Hairy Biped of Missouri.
Etymology: "Missouri monster" (Mo. + monster abbreviated), given by newspaper reporters.
Physical description: Height, 6-12 feet. Black body-hair. Facial features obscured by hair. No neck.
Behavior: Bipedal. Aggressive toward dogs. Growls, gurgling sound. Pungent, fetid odor.
Tracks: Three-toed or five-toed. Hind feet, 10-12 inches long and 2-5 inches wide. Handprint, 5 inches long and curved.
Distribution: Louisiana, Missouri. Significant sightings: Terry and Wally Harrison, ages eight and five, were playing in the woods near their property in Louisiana, Missouri, on the afternoon of July 11, 1972. Their sister Doris, fifteen, heard them scream and looked out to see a manlike creature, about 6-7 feet tall, with long, black hair carrying a dead dog under its arm and standing next to a tree. Their father, Edgar Harrison, found a footprint and a handprint on nearby Marzolf Hill on July 19.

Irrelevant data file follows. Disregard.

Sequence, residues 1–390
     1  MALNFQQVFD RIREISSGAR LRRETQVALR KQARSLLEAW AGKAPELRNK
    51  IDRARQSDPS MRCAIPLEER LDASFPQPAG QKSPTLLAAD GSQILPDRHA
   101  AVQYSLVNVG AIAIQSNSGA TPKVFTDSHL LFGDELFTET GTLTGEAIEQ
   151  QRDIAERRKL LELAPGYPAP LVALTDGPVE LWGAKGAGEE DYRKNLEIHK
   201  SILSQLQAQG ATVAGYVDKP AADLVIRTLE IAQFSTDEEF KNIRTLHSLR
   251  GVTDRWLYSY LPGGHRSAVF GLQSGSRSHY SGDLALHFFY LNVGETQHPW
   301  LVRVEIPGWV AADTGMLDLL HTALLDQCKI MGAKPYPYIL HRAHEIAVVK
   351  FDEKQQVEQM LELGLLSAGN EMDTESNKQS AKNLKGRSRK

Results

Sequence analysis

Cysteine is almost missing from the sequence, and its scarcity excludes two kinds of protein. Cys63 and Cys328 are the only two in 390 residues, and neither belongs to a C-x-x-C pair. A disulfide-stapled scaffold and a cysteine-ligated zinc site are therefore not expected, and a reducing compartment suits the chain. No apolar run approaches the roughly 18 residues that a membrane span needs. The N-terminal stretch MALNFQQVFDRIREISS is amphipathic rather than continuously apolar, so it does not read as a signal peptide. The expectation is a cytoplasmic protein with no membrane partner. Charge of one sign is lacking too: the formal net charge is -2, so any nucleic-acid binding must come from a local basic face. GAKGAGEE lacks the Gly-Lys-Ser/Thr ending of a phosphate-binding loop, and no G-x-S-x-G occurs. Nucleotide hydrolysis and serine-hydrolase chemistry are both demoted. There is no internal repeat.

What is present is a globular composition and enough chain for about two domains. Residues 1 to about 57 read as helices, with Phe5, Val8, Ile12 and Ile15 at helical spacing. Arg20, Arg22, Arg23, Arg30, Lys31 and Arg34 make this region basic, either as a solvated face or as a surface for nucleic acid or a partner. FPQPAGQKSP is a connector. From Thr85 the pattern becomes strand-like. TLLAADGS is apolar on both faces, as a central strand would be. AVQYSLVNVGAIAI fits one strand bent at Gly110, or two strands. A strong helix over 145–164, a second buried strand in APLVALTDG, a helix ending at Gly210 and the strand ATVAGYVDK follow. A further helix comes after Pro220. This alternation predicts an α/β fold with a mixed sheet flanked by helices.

Bill Suddarth and his wife found some narrower, three-toed tracks in their garden after hearing a high-pitched howl on August 3, 1972. Possible explanations:
(1) The footprints were pronounced a hoax by the director of the Oklahoma City Zoo.
(2) Unidentified flying object (UFO) reports in the area at the same time encouraged some of the early investigators to speculate on an alien origin.
(3) Some reports may have been American black bears (Ursus americanus).
Sources: Richard Crowe, "Missouri Monster," Fate 25 (December 1972): 58-66; "'Momo' & Others," INFO Journal, no. 9
(Fall 1972): 49-51; Jerome Clark and Loren Coleman, "Anthropoids, Monsters and UFOs," Flying Saucer Review 19 (January-February 1973): 18-24.
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